The speaker lacks a multi-function button to play, pause and skip music. Its absence is a big misstep, and if you want to change the song, your only option is to keep your phone or tablet handy.
The Marshall Stockwell operates on a rechargeable battery, and the port to plug in the power source is located on the right side of the speaker. In the box, you'll find a few different plug types, so you can use it abroad as well. Topping off the list of features is a USB port on the speaker's back that lets you charge a device while listening.
As far as looks are concerned, the Stockwell has it in the bag. It packs performance, too. But, that's more of a mixed bag.
Regarding its output, the Stockwell is well-stocked to put out a room-filling sound, though it isn't the bass-heavy affair you might be hoping for. The three adjustable knobs can help to customize the sound profile to your liking.
At its best, the speaker offers incredibly crisp delivery with accurate bass performance. It's just that, at its best, the unit doesn't deliver the deep bass or warmth of sound that I'm hoping for from a speaker that looks this good, or frankly, one that's this pricey. That said, listeners who aren't as nitpicky as myself will probably find the Stockwell's audio capabilities to be sufficient.
Using the Marshall Stockwell requires a little more thought than your average Bluetooth speaker. This is because its controls are modeled to look just like those found on a guitar amp. Depending on your familiarity with this type of equipment, this will either be a total breeze to operate, or a nightmare.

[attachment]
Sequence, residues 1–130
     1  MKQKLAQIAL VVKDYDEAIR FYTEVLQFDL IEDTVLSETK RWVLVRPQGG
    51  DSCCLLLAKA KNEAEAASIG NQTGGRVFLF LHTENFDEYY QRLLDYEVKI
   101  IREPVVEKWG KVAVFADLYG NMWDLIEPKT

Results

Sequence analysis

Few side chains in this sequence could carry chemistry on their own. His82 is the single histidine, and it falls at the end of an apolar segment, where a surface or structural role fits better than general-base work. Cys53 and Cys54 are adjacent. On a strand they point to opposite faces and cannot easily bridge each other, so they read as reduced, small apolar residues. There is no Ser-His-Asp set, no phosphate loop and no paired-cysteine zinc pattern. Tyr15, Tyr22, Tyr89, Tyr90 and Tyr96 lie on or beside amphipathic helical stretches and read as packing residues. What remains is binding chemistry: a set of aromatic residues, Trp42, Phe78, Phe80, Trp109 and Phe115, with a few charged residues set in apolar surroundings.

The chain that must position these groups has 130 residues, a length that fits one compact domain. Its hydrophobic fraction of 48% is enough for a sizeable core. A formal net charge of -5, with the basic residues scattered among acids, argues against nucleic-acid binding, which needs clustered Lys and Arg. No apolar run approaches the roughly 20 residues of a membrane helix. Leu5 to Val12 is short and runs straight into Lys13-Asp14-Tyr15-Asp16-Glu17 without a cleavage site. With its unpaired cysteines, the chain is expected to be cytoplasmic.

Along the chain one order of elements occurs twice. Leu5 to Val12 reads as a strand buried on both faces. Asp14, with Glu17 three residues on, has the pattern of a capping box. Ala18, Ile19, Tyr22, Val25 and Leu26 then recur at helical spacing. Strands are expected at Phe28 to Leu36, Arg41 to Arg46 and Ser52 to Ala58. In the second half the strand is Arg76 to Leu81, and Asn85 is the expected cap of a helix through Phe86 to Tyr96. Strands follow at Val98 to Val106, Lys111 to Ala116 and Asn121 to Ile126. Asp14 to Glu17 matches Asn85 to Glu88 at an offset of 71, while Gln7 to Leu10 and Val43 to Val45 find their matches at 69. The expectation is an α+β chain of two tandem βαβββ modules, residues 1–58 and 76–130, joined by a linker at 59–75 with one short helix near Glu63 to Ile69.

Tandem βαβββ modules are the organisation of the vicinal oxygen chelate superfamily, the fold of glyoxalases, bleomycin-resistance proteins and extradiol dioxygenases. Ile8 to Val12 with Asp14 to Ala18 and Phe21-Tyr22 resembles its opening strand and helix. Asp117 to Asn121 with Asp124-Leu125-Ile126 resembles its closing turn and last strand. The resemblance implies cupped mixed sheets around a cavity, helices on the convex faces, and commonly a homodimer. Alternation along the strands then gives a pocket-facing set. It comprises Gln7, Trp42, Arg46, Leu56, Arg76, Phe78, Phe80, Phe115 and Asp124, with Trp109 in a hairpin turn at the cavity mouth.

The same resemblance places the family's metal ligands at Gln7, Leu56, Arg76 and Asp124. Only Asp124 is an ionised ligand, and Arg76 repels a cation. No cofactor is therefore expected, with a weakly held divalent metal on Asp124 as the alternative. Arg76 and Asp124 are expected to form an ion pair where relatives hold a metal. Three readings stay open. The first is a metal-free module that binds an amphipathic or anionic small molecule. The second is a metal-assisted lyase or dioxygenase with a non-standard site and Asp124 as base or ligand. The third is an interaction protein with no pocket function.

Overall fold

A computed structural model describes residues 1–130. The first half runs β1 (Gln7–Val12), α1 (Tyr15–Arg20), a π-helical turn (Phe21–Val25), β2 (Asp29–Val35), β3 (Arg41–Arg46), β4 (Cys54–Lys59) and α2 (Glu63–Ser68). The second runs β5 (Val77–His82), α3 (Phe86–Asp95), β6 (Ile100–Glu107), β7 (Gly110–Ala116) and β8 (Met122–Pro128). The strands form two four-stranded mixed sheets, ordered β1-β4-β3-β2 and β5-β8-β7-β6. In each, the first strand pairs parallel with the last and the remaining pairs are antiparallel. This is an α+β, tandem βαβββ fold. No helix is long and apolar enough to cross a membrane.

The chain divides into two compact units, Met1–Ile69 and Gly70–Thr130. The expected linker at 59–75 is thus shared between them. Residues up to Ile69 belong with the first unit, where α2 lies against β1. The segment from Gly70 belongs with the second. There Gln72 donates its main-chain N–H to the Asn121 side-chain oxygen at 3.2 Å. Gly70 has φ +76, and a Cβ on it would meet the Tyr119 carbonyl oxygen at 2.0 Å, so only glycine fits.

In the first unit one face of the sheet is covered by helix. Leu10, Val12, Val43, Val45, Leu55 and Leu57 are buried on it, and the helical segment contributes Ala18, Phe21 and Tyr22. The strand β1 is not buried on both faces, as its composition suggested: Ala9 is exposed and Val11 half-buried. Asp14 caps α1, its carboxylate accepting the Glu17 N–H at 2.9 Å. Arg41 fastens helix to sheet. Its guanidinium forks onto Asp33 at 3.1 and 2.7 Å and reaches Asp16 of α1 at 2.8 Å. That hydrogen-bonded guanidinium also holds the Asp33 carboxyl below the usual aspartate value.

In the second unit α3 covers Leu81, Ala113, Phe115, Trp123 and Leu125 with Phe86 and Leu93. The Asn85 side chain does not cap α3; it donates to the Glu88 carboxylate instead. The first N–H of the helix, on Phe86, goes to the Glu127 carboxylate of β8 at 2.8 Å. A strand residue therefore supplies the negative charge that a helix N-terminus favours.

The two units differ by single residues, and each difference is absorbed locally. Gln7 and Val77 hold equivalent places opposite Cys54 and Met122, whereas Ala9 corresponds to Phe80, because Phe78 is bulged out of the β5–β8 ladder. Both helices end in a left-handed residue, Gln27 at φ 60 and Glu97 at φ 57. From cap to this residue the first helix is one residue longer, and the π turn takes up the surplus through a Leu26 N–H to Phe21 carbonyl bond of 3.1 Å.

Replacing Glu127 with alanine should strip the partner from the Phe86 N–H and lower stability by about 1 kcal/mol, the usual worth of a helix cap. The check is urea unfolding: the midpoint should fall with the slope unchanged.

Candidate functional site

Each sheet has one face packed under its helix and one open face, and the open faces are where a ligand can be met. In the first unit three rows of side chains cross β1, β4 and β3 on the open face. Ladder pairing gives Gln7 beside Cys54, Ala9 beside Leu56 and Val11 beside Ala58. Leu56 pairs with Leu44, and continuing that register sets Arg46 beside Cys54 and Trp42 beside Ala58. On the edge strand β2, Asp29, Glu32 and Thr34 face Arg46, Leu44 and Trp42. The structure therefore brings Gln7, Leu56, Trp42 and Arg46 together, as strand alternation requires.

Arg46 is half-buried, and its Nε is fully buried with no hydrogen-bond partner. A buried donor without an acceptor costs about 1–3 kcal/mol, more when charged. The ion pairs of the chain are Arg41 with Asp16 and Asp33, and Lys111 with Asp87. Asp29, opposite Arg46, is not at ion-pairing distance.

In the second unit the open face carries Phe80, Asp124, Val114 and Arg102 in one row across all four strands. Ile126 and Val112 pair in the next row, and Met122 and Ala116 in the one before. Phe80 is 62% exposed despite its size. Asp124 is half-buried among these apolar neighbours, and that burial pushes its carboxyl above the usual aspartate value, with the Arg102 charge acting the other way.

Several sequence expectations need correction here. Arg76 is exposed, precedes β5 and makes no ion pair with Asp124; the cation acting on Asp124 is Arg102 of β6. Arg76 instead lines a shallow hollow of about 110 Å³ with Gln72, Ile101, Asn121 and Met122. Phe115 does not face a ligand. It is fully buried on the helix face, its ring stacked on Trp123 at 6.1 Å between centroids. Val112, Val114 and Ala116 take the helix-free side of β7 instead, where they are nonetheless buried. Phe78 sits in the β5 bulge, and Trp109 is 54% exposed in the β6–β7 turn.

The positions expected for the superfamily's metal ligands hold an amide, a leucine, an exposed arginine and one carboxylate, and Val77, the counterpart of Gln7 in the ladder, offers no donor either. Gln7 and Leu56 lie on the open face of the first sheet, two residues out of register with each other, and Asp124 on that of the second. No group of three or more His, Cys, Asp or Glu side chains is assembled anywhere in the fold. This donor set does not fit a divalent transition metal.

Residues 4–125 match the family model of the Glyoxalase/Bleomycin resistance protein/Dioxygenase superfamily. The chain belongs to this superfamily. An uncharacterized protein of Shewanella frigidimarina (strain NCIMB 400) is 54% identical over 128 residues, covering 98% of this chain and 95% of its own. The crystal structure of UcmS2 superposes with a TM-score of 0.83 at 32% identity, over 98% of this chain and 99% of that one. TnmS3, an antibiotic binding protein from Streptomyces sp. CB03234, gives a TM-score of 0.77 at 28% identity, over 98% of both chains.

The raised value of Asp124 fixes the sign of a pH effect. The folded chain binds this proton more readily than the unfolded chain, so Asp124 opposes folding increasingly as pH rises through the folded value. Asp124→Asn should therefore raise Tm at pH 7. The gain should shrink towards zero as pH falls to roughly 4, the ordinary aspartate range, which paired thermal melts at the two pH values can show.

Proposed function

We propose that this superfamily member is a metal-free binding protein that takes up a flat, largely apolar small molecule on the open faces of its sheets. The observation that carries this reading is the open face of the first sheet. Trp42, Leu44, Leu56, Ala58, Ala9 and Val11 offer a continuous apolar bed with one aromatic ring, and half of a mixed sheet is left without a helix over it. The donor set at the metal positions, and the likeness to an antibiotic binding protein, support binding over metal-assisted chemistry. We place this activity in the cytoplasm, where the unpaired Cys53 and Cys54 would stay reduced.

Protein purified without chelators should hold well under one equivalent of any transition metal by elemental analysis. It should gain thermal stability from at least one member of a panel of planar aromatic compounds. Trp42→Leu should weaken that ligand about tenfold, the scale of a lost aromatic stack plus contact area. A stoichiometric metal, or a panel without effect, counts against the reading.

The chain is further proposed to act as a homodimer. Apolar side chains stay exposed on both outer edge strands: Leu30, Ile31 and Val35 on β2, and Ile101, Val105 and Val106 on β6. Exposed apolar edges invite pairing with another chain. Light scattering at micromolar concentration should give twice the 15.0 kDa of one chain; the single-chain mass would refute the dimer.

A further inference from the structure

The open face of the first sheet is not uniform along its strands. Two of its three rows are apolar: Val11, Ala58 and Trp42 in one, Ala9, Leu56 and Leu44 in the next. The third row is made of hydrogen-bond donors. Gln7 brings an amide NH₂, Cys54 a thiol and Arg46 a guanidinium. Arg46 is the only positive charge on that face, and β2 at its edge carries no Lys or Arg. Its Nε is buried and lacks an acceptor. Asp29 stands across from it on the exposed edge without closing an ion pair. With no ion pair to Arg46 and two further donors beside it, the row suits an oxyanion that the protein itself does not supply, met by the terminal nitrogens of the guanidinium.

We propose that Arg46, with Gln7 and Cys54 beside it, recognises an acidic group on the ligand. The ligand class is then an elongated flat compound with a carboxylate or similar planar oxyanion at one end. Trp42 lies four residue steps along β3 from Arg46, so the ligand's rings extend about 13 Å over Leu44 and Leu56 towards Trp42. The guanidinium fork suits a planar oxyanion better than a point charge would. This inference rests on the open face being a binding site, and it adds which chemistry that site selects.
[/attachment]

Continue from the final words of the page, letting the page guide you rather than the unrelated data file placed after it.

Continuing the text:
For me, it was somewhere in the middle. I'm very familiar with both amplifiers and Bluetooth speakers, but more often than not, the amplifier-style layout hurts more than it helps. Even from a few feet away, it's hard to tell what each button does at a passing glance.
The Stockwell can also function as a speakerphone, though I wouldn't recommend it. Once I pick up a phone call, the person on the other end has a difficult time making out what I am saying, even when I can't get any closer to the speaker without touching my face to it.
On the bright side, battery life is a spot that the Stockwell nails. Its advertised 25 hours of battery life is no exaggeration. This speaker can endure about a week of normal use at medium volume levels before needing a charge. Just expect the longevity to decrease if you're using the USB port to charge a device. Lastly, I had no issues setting up my devices and staying connected to the Stockwell during my testing.
The Marshall Stockwell, much like the company's efforts in the headphone space, is a love letter to the guitar equipment that made the company famous. But, compared to the competition in its price range, Marshall's svelte Bluetooth speaker just doesn't offer enough.
If you're looking for a Bluetooth speaker in a similar price range that has good looks, offers better sound performance and oodles of features, then the Harman Infinity One might be a stronger investment.
That said, if Marshall's signature looks, remarkable battery life and customizable sound profiles are must-have features, you could do much worse than the Stockwell. But, for your money, you're not getting much more than a pretty facade.